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hyperosmolar state (HHS) is a We present a 16-year-old boy

life-threatening condition rarely with Bardet-Biedl syndrome, with
seen in paediatrics. comorbidities including chronic
renal impairment requiring renal
transplant, isolated growth
It is becoming increasingly
hormone (GH) deficiency and
recognised with the growing
obesity, who presented on routine
incidence of childhood type 2
follow-up with new onset T2DM
diabetes mellitus (T2DM).
and in HHS.

We discuss the dilemmas encountered in his long-term management

due to his renal transplant and comorbidities, and whether or not,
given his significant T2DM risk, this case was preventable or
Hyperglycaemic hyperosmolar state (HHS)
was previously thought to be a rare presentation of
type 2 diabetes mellitus (T2DM) in children but
reported cases are on the rise

Bardet-Biedl syndrome (BBS) is a rare heterogeneous

autosomal recessive disorder affecting ciliary function. It has
an estimated incidence of 1:160000 in European
populations and the abnormal ciliary function has wide
reaching effects on multiple organ systems.



▪ Most children presenting with HHS require insulin for a period of stabilisation; they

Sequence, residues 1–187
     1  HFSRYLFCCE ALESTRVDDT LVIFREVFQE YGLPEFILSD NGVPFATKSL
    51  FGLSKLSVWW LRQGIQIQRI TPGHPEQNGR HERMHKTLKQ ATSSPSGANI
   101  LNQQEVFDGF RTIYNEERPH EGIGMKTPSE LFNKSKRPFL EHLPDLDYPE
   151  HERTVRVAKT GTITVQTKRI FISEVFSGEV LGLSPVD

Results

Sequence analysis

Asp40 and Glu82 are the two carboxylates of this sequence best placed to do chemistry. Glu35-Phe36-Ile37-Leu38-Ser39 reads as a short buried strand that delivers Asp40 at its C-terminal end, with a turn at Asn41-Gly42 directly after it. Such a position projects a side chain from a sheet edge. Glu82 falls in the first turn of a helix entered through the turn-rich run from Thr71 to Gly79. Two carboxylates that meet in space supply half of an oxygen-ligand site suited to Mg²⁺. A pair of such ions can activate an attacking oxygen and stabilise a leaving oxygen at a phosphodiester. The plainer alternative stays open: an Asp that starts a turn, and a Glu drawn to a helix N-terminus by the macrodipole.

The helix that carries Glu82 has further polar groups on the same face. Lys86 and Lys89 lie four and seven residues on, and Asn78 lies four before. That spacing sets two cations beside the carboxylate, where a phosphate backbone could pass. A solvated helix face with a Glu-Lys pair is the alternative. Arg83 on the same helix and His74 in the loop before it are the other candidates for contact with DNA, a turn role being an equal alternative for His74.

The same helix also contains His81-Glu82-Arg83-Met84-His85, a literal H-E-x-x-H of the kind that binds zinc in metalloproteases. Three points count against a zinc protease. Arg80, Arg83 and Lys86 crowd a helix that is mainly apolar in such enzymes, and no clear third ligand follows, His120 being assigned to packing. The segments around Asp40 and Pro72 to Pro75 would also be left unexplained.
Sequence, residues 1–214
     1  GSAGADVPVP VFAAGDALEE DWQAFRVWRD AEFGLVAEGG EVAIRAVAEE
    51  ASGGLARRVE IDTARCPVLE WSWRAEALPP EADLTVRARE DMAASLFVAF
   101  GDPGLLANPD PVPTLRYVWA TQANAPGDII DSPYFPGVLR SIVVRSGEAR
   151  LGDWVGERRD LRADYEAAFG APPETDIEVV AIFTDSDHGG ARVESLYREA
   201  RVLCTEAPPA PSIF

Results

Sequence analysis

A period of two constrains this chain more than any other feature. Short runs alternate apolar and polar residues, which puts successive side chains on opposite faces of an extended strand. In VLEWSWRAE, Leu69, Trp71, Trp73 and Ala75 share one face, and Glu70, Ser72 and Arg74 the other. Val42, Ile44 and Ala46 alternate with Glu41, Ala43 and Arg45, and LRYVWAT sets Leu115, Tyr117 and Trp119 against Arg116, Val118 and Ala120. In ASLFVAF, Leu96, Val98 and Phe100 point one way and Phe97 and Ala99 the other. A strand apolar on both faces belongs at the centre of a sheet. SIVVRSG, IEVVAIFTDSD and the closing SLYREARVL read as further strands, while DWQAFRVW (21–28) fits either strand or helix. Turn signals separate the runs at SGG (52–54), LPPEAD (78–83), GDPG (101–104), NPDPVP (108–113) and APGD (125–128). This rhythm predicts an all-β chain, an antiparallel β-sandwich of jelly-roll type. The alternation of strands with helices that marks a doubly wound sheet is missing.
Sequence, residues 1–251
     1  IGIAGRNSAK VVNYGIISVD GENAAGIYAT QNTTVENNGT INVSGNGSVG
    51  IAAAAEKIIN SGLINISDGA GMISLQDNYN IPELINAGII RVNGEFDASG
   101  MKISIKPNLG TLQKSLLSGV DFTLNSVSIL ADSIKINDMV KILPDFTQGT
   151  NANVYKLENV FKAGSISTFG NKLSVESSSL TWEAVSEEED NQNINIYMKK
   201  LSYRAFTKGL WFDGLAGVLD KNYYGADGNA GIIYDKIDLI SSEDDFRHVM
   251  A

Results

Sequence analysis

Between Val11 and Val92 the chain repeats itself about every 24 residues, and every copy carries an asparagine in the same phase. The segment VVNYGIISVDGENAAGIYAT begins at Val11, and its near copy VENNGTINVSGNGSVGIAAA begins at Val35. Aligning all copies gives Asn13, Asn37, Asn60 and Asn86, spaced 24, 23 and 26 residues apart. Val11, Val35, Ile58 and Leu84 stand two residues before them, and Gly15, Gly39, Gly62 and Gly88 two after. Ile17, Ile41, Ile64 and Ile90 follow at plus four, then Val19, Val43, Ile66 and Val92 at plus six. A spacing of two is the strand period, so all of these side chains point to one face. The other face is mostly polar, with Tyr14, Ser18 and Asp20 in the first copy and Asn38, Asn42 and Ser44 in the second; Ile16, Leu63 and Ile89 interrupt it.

can then switch to oral hypoglycaemic agents alongside weight loss strategies such
as lifestyle changes and diet control.
▪ ISPAD guidelines recommend metformin as first-line oral antidiabetic agent for
▪ Management of T2DM on a background of renal transplant is more complex.
Metformin carries a risk of lactic acidosis, and guidelines for its use in renal transplant
patients are currently not available.
▪ A more common phenomenon to consider is post-transplant diabetes mellitus
(PTDM), which occurs in 2–35% of children postrenal transplant.
▪ It occurs largely due to the diabetogenic effects of the immunosuppressants,
especially tacrolimus and corticosteroids, with the risk of this outweighed by the need
to reduce graft rejection.